In his introduction to “Woodworking in Estonia” Mr. Peter Follansbee captured the spirit of this book when he wrote, “The products featured in the book are everyday items found in country households, combining utility and beauty in ways that speak volumes. This book shows us a culture that remained connected to its environment and its traditions long after some others had lost their way.”
An example of the Estonian craftsman’s knowledge of and relationship to wood is the use of naturally occuring shapes to make tools. Mr. Follansbee used the example of forked draw knives (hollowing knives): “A handle made this way follows the fibers of the tree, and it therefore stronger than one made by bending or joining straight sections of timber.” On the cover of the book is a gimlet made from a bough.
As Ants Viires describes it, “The gimlet, like other similar borers, was a tool which had to be applied with force, and it was equipped with an appropriate head that could be braced against the chest. Boring was hard work: “When you bored for some time, your chest bones gave out fire” (Pärnu-Jaagup)…When the work became too tiring, a small boy was placed astride the implement for weight…”
Some of the breast augers (or gimlets) in the top photo are made from branches and like the Estonian example several are carved with dates and initials. The Swedish augers range in size from 31 inches high by 19.5 inches wide to 18 inches high by 13.75 inches wide.
Other objects made from branches and roots that can be found in the book are boat ribs, wheel fellies and sled runners.
I recently showed my mother some of the sketches of Estonian tools made from branches and she reminded me of the slingshots my father used to make for her. When we lived in Fayetteville and Fort Bragg in North Carolina we had to be careful of the wild animals that might come into our backyards. Basking snakes and roaming snapping turtles were the most dangerous. My father used a forked branch to make the slingshot; the sling was cut from the inner tube of a tire. After some obligatory target practice (a tree was the target) my mother was a pretty good shot.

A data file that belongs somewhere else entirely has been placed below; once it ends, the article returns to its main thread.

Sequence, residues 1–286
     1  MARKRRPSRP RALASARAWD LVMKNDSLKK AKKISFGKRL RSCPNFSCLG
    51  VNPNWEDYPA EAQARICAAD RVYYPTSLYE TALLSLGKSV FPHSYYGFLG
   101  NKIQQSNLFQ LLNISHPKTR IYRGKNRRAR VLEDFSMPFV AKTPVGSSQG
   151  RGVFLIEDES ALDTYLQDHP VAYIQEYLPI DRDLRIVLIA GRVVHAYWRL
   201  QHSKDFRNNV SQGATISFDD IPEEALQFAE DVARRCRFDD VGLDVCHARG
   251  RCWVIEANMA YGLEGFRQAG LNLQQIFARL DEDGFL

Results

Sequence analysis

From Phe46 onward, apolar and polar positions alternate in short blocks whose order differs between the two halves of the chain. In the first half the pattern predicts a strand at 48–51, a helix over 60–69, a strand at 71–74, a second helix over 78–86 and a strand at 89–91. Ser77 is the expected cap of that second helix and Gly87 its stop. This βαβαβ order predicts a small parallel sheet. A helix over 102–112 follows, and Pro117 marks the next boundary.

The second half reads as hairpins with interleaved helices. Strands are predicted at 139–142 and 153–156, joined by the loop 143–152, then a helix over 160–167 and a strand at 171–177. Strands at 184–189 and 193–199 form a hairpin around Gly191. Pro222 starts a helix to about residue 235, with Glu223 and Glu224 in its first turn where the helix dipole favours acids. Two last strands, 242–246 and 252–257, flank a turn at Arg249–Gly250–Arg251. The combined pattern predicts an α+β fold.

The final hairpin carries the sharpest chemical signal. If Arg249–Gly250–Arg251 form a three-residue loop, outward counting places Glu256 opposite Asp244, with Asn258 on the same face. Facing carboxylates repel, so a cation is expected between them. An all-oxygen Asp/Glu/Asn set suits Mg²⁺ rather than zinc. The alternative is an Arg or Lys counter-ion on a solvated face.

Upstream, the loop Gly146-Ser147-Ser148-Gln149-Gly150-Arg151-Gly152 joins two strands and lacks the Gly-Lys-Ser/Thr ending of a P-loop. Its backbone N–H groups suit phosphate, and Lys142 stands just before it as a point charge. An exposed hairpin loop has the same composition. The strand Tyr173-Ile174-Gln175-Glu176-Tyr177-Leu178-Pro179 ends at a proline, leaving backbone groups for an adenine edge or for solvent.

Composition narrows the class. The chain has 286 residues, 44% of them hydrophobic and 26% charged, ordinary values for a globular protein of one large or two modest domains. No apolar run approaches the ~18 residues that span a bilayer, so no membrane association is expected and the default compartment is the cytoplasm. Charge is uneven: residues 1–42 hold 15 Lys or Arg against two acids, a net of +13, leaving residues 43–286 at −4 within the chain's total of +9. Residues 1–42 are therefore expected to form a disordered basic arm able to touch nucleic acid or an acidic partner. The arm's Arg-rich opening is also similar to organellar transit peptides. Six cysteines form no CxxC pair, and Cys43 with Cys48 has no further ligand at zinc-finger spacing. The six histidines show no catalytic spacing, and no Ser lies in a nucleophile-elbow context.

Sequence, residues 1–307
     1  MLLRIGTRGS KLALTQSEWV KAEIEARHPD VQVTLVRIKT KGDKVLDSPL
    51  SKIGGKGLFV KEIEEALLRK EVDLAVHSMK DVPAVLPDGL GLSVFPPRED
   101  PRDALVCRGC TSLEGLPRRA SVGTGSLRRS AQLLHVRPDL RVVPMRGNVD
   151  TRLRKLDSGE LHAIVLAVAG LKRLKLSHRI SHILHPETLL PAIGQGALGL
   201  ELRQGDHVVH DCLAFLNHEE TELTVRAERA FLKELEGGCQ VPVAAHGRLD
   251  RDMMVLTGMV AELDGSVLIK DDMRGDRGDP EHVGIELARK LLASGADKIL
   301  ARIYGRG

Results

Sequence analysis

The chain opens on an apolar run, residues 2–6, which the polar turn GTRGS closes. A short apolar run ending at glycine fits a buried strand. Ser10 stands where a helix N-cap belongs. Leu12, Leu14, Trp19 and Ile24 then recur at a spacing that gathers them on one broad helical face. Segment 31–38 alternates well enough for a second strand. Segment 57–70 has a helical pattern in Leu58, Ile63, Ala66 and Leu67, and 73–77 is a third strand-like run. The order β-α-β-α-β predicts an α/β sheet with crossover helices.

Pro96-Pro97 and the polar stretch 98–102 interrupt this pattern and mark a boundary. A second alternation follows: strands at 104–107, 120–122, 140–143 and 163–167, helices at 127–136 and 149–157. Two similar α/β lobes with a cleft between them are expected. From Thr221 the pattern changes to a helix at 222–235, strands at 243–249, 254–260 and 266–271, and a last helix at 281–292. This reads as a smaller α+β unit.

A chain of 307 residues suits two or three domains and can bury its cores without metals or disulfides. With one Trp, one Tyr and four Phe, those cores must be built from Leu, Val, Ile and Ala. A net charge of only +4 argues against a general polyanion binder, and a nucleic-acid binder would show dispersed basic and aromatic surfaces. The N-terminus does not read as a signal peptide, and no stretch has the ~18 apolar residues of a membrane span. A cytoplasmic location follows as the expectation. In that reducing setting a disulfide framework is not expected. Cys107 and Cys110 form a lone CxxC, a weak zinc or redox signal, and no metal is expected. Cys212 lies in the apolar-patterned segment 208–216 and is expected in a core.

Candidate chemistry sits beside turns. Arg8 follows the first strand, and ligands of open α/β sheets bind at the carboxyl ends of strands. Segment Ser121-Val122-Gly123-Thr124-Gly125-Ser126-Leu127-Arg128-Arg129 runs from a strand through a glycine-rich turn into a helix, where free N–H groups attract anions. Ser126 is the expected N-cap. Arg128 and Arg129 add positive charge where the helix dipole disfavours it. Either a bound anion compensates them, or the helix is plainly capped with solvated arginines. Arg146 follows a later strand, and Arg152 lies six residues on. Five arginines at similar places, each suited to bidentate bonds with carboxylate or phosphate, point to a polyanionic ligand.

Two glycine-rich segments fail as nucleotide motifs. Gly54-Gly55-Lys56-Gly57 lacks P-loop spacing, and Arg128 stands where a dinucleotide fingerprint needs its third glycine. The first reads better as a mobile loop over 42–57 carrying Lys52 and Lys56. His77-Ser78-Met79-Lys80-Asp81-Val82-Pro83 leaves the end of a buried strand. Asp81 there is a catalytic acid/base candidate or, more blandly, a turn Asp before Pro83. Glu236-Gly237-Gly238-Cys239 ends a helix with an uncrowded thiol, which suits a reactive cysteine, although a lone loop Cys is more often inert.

Once a particularly pugnacious (and big) snapping turtle arrived on the patio and was not intimidated by mother’s efforts with her slingshot. With me stranded on our picnic table my mother had to call my father to come home from the airfield and save me!
Note: To clarify the use of auger and gimlet in this post here are excerpts from the section on boring tools in “Woodworking in Estonia.”
From Gimlets: ” Like all drills, the gimlet also consists of two parts: the iron and the head. The iron part is usually referred to simply as “auger,” while the head is known as “auger’s head.” On the islands it is called “auger’s handles.”
The gimlets made by early country smiths were of the bowl type (spoon borer). The characteristic veature of this implement was the bit, known as “kaha” (“kahv”) that is shaped like the spoon bowl and made possible boring in both directions.”
From Augers: “Under this term we refer to various borers differing in shape and size, the only common feature being a handlebar placed perpendicular to the top of the shaft. As such the borers are the simplest turning device, which was probably the starting point for the creation of a more complicated gimlet.”
And from Ants Viires’ summary of boring tools: “At the beginning of the millennium, certain borers were already in use in the country. The most primitive was the awl, which was often used after heating. The spoon-shaped borers of the gimlet or auger type were also fairly widespread.”